Hint: Swiping is disabled on videos, use the right arrow to advance and view images.
Way back in April, I had the pleasure of attending an etiquette session led by Patricia Rossi at the NASC (now called SportsETA) Women's Summit in Tampa. This was the second annual Women's Summit held in conjunction with the NCAA Women's Final Four basketball tournament. I wrote about my takeaways last year as well.
Patricia was the last presenter in 48 hours chock-full of wisdom and knowledge bombs. All 70 attendees were exhausted, and perhaps more than a little sleep deprived, to say the least. You might say she had drawn the short straw. Not to mention, she was presenting to a bunch of awesome women who work in sports...let's just say (and I'm just surmising here), but this industry may be a bit more casual on the etiquette side of things than say, corporate finance.
In a nutshell, Patricia rocked the house! She was engaging, hilarious, and an absolute delight. She is a southern belle that (if I'm honest) at first impression, intimidated the heck out of this mountain-dwelling tomboy.
She broke down walls of intimidation immediately. We learned a million etiquette tips, laughed until we *about* peed our pants (no, just me?!), connected to one another, and made lasting memories.
So here's the thing that stuck out to me. Patricia spoke about how she went to journalism school trying to "train" herself out of her natural (and charming) southern drawl. It failed. What she found was that the part of herself she was trying to change, was actually one of her most intriguing and genuine characteristics...she called it her "quirk".
She impressed upon us to embrace our quirks, too, whatever they may be. She asked, "What did you get in trouble for as a kid?" That's your quirk. It took me less than a nano-second to identify mine. My table mates - most of whom know me already - called me out on it, too.
My special quirk is that I tend to be a bit of...how do I put this delicately...a smart ass.
Those that know me, know I love a good laugh and am the first to crack jokes. Quite frankly, it's been a part of my DNA as long as I can remember. Sometimes it emerges out of my sociability, sometimes creeps out of nervousness, sometimes it's just default, and sometimes I just plain don't think before I speak. (What can I say, but Mama Tried!)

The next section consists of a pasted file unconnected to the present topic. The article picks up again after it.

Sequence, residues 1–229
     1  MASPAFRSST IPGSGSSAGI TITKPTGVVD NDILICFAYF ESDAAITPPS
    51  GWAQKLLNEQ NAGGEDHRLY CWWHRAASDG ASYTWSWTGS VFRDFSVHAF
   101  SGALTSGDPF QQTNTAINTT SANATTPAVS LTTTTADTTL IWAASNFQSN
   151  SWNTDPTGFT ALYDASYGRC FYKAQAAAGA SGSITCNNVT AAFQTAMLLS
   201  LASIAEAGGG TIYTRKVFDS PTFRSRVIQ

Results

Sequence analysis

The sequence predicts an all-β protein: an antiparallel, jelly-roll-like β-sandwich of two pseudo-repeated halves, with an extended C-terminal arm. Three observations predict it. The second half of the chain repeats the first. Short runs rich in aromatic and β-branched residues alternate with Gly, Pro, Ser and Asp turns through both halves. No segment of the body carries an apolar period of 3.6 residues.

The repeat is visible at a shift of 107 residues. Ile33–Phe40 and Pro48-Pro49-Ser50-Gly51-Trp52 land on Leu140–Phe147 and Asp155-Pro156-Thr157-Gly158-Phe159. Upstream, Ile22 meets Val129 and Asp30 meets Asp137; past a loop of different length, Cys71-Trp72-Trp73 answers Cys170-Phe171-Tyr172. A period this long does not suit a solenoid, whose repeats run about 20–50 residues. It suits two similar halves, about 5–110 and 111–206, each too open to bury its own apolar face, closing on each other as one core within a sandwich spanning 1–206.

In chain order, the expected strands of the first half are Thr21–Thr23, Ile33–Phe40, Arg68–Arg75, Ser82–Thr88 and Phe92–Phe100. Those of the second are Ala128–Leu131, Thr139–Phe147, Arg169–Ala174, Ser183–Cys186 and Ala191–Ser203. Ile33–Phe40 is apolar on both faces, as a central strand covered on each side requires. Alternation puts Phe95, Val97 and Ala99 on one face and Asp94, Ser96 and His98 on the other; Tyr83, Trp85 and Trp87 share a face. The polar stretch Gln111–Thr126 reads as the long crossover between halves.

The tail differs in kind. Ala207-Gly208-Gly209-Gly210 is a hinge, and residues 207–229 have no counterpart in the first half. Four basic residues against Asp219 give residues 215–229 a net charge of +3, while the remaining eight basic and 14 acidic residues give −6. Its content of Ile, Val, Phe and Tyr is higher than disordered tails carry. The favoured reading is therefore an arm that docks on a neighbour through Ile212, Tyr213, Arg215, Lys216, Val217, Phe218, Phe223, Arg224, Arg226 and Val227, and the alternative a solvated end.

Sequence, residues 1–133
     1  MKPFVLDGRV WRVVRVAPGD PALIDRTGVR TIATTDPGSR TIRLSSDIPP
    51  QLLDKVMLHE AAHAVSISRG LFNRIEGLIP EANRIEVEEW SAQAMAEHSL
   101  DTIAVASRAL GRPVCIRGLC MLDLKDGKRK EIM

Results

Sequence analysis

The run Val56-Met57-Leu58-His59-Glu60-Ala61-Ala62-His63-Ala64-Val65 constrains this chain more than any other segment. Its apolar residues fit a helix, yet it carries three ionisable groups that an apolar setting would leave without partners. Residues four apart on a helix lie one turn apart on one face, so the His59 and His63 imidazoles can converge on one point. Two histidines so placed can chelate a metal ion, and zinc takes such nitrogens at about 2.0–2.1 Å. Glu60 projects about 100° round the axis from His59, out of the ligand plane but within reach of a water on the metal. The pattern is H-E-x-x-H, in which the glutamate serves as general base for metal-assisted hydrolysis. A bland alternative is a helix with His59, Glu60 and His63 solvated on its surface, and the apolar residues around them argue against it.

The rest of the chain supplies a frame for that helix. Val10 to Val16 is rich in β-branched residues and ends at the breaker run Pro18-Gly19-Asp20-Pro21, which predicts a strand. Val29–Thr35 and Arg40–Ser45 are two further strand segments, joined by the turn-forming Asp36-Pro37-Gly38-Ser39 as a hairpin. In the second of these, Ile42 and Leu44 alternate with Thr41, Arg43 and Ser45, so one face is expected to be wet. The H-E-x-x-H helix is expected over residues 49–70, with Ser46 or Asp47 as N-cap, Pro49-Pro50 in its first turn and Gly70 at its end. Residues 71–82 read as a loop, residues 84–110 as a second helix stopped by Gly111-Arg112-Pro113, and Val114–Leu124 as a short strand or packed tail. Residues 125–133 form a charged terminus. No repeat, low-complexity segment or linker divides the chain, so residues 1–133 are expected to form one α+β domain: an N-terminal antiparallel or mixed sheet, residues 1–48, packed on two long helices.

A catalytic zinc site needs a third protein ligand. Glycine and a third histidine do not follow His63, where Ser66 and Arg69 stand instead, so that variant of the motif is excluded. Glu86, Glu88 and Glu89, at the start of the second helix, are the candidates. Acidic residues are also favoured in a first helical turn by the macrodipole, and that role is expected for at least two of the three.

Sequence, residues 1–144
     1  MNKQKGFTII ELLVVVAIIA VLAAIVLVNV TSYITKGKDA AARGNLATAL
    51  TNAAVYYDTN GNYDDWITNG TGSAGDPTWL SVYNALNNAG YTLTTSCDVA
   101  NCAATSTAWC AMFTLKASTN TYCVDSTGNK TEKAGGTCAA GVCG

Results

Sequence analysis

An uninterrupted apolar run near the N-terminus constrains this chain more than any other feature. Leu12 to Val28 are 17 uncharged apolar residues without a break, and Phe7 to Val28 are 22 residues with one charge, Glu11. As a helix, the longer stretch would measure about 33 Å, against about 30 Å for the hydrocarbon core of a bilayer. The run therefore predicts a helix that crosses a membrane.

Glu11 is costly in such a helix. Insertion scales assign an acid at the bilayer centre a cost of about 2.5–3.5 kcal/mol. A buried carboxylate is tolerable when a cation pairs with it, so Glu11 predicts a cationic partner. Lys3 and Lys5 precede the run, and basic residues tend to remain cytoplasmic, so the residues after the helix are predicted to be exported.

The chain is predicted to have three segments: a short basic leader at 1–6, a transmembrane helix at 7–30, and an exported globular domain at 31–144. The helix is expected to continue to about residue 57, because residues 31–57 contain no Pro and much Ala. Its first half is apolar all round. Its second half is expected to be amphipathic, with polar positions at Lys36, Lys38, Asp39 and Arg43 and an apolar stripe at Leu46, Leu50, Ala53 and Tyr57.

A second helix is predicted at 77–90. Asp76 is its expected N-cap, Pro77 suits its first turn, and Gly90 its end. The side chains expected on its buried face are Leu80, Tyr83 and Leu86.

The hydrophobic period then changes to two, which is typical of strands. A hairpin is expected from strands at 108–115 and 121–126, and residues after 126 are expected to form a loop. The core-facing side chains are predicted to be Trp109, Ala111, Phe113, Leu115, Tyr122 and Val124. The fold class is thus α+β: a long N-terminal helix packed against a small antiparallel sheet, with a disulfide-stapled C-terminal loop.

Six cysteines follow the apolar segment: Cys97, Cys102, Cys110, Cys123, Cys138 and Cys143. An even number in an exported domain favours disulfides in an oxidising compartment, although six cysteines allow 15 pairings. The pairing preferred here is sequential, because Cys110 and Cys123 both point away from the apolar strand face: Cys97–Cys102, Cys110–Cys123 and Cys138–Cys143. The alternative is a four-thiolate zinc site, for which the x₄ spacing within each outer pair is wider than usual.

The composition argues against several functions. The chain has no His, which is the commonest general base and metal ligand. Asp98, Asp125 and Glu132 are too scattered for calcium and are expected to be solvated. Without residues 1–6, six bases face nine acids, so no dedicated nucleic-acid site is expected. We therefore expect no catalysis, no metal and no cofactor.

A couple of days before I left for Tampa, I gave an impromptu lecture to my sports operations class about networking as many of them are graduating this weekend and asked for some tips entering the "real world". I talked about being authentic, genuine and respectful. About following-up. About differentiating themselves. About how networking is a continual and amazing journey. About how the essence of networking is really sacrificial relationship-building.
After Patricia's presentation, I got the opportunity to put my lesson into practice.
I reached out to Patricia to thank her for her presentation and specifically noted how her point about quirks resonated with me.
People. She called and left me the sweetest voicemail THAT VERY DAY! Keep in mind, this is a successful woman who travels extensively, is a regular on national TV, works with corporations and professional sports franchises, authored a book, and probably has a laundry list of other pressing items on her list. She didn't just respond to my email, she picked up the phone and called me. Actually dialed a number that wasn't programmed in her phone. In fact, the voicemail is still on my phone and sometimes I listen to it to remind myself that the small things we do can have an impact on people. (Don't worry Patricia, I'm not a creep or anything!).
Not only that, but she offered to send me a copy of her book, that I did not receive at the conference because she only had a few copies. Without delay, my personalized, signed copy of Everyday Etiquette arrived at my door with a thank you card written in the most gorgeous handwriting I've ever seen.
That, my friends, is above and beyond sterile, self-serving networking, and into the land of genuine relationship-building. It was an amazing example to share with my class.
You see, Patricia's authentic approach overflows. It makes people comfortable, even with their quirks that often express themselves as insecurities. It certainly did for me.
Earlier this month at the SportsETA Annual Symposium in Knoxville, I got the opportunity to present to a room full of event rights holders on the riveting topic of local politics. My initial thought was, "Oh no, a bunch of strangers and the worst possible topic, I better keep it serious." But instead, I embraced my inner-quirk, managed to weave in Tombstone, The Simpsons and Anchorman references, recruited a great colleague to co-present, and proceeded with confidence knowing - and most importantly, accepting - who I am.
If you ever have the chance to meet Patricia or invite her to speak, I highly encourage that you do so.
On Patricia's website, you'll see her mantra is: "Kindness not formality ~ Relationships, not rules". Sage advice regardless of your walk of life, industry or role. Patricia, I hope you know that while I may be bombing at implementing proper table manners, the most important thing you taught me has taken root in my soul. And for that, I sincerely thank you! This is Stoll on Sports.
View original article written by Jennifer Stoll, PhD, CSEE.